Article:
That’s the paradox: the only time most people feel alive is when they’re suffering, when something overwhelms their ordinary, careful armour, and the naked child is flung out onto the world. That’s why the things that are worst to undergo are best to remember. But when that child gets buried away under their adaptive and protective shells—he becomes one of the walking dead, a monster.
Painting: 1% of Monster, 2009, acrylic on canvas, 40 x 30cm.
For sale. Details here.
Another of my all-time favourite bands (alongside Mogwai) are releasing their new album Double Negative in September. The first three tracks are now available and offer a tantalising taster of what’s to come. They’ve been in the game now for a quarter century, and at the point where acts of a similar age descend into self-parody and tired retreads of the ‘greatest hits’, Low continue to chart their own course, sailing into unexpected waters. I’ve long used music as an influence in my own work and I’m wondering how this material – startling, ethereal and haunting – is going to manifest in what I produce next.
Piers Haggard’s 1971 film Blood on Satan’s Claw has enjoyed something of a revival in recent years. Often cited alongside Witchfinder General and The Wicker Man as part of the Folk Horror trinity, it was a film that few actually saw back in the day, but enticing stills that appeared in magazines and books throughout the 70’s ensured that when it did finally crawl out of the shadows as part of the Friday night Horror Double Bill it was a must watch. The most enduring aspects of its appeal – the use of landscape, the startling imagery, the eerie score – were lost on pre-pubescent minds awed by the sight of Linda Hayden in the niff, but it’s because of it’s ferocious originality and almost malicious intent to shock that’s it’s hardly dated and seems to have only gained in power over the years. The recent DVD release is a necessary acquisition, especially as it comes with an incredible commentary by The League Of Gentlemen (Mark Gatiss, Reece Shearsmith, Steve Pemberton and Jeremy Dyson), for whom this film was clearly an influence. Gatiss and Shearsmith must have felt like kids at Christmas when the opportunity came from Bafflegab Productions to record this audio version of the story, working alongside the one and only Linda Hayden herself. Gatiss sounds like he’s thoroughly enjoying himself in the role of Squire Middleton, with a Yorkshire accent that channels the hungry ghost of Hilary Briss as if fed through the Wheeltappers and Shunters PA system. With an excellent cover design (above) and essay by Adam Scovell, this is a dark gem of a thing that has caught my magpie eye and must be mine.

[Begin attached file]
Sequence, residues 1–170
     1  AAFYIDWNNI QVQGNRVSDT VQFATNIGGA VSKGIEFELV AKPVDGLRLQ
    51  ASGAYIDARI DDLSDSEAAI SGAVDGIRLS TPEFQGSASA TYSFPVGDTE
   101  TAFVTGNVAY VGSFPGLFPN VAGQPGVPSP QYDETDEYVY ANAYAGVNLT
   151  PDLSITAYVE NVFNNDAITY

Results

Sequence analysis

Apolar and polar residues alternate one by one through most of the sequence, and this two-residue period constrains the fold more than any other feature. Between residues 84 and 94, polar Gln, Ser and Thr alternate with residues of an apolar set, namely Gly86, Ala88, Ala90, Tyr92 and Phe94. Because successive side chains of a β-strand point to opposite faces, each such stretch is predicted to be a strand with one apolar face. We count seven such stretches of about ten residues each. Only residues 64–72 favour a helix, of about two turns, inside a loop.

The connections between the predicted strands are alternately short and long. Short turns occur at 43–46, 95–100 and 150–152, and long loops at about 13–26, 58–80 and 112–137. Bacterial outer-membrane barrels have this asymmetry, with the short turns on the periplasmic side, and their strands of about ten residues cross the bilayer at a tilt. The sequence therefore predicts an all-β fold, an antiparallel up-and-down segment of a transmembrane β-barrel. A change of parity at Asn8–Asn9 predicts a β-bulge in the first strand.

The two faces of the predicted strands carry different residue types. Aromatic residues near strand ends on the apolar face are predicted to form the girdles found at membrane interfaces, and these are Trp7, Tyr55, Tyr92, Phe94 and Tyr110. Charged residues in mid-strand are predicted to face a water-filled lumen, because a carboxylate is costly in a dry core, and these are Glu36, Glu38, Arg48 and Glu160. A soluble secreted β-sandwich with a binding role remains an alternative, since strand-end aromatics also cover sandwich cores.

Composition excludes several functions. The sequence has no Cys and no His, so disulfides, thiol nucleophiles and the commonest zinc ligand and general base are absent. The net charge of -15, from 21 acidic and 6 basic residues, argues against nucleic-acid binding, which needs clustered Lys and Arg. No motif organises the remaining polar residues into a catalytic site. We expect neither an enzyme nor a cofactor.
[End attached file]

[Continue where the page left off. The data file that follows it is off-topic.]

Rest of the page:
Released officially on 29 June, you can sample the first 3 tracks and make an advance order here.
If the doors of perception were cleansed every thing would appear to man as it is, Infinite. For man has closed himself up, till he sees all things thro’ narrow chinks of his cavern.
Photograph taken at Stourhead, Wiltshire, May 2018.
I’ve added two new paintings to the Art For Sale page.
The Tiger (2013) (above), and…
The Lord Is Out Of Control (2014).
Details of prices and how to order here.
Note that all painting purchases from now on will come with a free ink drawing.
All enquires: email@example.com